Superintendent Austin Beutner Monday announced a $200 million commitment to address achievement gaps among Black students and others in the Los Angeles Unified School District.
“We’ve been systematically failing Black children as a country. Schools must be part of the solution, because a great education is the most important part of the path out of poverty,” Beutner said. “While we at L.A. Unified don’t have all the answers, we’re committed to making change.”
Among the actions being taken by the district are a $100 million investment to provide additional teachers to build a foundation for literacy, math and critical thinking skills in elementary schools.
Beutner called it “the biggest commitment we’ve ever made to early literacy in our schools,” and added that officials are also providing an additional $70 million to the highest-need schools in the district, where more counselors and psychiatric social workers will be available.
“Much of this investment will happen in school with the greatest concentration of Black students — about 50 schools,” he said.
The entire effort to help schools with the highest-need students is expected to top $200 million.
“The question might be asked, `How can we afford this?’ The answer is, `How can we afford not to?”’ Beutner said.
Work is underway at individual schools to finalize the details, but the superintendent said plans would be finished by next month, and incorporated into school budgets for the 2021-22 school year.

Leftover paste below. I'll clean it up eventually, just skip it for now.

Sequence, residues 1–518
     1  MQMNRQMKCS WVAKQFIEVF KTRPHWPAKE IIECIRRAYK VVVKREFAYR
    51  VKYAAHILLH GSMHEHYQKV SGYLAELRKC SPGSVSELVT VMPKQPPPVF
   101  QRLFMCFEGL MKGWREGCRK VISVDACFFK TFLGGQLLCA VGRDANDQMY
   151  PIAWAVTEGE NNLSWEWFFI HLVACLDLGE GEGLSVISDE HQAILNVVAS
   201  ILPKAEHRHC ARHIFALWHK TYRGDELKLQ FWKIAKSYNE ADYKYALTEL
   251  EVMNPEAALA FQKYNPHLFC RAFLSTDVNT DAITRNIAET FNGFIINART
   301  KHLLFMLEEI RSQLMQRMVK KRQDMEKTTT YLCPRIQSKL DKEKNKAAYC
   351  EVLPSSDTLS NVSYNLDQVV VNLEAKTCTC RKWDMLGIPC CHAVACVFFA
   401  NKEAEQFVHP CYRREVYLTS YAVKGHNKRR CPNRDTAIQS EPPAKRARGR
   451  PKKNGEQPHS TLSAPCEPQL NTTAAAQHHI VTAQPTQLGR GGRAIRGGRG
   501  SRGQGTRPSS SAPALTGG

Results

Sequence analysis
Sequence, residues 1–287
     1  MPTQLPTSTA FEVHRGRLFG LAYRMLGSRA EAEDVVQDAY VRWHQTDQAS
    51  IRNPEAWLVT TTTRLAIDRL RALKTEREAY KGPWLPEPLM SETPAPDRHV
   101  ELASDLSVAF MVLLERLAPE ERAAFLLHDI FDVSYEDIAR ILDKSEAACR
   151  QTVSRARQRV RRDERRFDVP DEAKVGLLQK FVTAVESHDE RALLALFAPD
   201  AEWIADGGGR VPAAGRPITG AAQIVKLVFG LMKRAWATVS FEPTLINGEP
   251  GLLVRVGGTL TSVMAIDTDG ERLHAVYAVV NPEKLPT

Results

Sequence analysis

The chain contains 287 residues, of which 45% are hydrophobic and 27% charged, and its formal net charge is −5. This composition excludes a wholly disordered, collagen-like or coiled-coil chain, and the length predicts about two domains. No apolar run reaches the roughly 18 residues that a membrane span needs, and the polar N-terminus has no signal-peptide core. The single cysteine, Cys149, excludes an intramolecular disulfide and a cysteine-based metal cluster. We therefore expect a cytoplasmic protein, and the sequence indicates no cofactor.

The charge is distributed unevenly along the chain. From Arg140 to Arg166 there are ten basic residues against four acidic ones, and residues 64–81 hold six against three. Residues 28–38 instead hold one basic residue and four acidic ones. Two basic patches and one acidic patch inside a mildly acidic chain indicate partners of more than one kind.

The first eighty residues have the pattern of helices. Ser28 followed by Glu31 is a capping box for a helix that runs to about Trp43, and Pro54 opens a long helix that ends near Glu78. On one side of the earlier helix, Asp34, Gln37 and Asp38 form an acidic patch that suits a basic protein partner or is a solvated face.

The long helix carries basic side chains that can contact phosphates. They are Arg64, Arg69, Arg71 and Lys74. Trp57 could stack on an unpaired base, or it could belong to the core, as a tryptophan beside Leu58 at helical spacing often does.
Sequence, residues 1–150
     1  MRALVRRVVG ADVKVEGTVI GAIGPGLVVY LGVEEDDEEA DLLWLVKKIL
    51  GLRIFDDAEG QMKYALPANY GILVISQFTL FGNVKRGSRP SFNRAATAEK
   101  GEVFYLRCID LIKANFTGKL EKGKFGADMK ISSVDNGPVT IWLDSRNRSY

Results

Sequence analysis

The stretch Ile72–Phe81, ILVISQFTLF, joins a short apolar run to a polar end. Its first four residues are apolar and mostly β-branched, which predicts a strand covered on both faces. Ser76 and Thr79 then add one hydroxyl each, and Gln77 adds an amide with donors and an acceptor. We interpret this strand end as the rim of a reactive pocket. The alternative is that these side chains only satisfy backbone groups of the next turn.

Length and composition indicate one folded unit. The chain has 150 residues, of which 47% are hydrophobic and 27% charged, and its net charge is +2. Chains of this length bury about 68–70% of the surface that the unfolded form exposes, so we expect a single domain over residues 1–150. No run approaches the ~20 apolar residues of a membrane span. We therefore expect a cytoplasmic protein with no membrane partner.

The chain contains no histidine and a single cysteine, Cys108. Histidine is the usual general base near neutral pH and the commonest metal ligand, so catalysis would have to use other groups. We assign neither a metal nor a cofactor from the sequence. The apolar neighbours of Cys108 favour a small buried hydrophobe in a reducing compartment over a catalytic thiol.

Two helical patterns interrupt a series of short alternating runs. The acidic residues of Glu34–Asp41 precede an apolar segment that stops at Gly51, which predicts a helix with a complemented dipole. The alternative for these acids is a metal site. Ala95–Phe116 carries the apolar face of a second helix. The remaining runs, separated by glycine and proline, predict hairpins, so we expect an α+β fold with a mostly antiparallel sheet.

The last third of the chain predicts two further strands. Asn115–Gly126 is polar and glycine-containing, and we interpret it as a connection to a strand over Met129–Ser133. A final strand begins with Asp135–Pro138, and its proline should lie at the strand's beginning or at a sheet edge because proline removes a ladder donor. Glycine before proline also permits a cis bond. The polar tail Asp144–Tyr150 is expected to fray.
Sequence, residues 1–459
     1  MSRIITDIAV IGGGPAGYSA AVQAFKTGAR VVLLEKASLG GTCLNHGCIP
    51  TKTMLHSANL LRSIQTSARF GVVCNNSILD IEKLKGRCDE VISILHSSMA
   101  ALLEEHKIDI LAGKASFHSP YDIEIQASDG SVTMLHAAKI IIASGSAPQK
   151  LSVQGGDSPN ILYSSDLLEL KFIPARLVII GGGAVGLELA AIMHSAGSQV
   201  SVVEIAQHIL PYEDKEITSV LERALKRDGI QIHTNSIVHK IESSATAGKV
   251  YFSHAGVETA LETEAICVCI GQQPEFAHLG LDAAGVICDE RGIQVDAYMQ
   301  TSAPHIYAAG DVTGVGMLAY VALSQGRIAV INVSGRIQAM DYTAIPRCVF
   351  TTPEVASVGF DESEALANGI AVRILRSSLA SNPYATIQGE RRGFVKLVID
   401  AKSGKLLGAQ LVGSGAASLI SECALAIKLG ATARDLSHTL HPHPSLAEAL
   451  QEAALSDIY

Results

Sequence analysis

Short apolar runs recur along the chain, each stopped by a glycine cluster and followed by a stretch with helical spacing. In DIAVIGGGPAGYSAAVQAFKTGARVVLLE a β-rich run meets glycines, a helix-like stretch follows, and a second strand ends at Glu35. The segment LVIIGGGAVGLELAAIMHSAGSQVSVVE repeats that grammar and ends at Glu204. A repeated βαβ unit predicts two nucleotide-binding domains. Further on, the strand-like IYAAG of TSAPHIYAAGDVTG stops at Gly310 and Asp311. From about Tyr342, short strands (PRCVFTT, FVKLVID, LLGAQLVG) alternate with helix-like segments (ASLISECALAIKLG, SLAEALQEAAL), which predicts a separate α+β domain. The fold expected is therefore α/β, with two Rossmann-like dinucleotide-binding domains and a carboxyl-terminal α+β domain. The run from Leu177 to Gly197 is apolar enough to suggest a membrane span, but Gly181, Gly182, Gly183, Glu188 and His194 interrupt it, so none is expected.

Beutner also announced that a report on changes to school safety policy would be presented to the LAUSD Board of Education on Tuesday. Among the planned changes recommended by a task force:
— Sworn officers will no longer be deployed on campuses, but will be stationed nearby for quick responses to emergencies;
— The on-campus presence will be replaced with so-called School Climate Coaches, members of the community who will help mentor students;
— More counselors and psychiatric social workers will be provided;
— The district will invest in partnerships with community organizations “with proven track records of mentoring youth.”
The district will also discuss plans to close the “digital divide” that has seen many students lag behind in online learning amid the coronavirus pandemic.
On the matter of when schools will reopen, Beutner said the district has done its part in comprehensively ensuring that every campus is safe, including:
— Retrofitted 80 million square feet of space of school buildings to make sure air is properly filtered;
— Cleaned and sanitized every room in every school;
— Provided masks and PPE;
— Reconfigured classrooms and facilities to maintain social distance;
— Created a school-based COVID-19 testing and contact tracing program.
He pointed out that the U.S. Centers for Disease and Control has said that the ultimate authority for reopening schools rests with the 50 states, and said the Los Angeles area has yet to meet California’s standards for allowing schools to reopen.
Beutner also announced that the LAUSD’s first school-based COVID-19 vaccination center would open Wednesday at Roybal Learning Center at 1200 Colton St. near downtown Los Angeles. Moderna vaccines will be administered by LAUSD school nurses and other licensed health care professionals.
Microsoft, Anthem and Cedars-Sinai Medical Center are joining the effort, and LAUSD’s vaccination effort will use a system built with Microsoft, including registration and scheduling, tracking vaccines in stock and contact tracing.
Beutner said officials were working to open as many school-based sites as possible.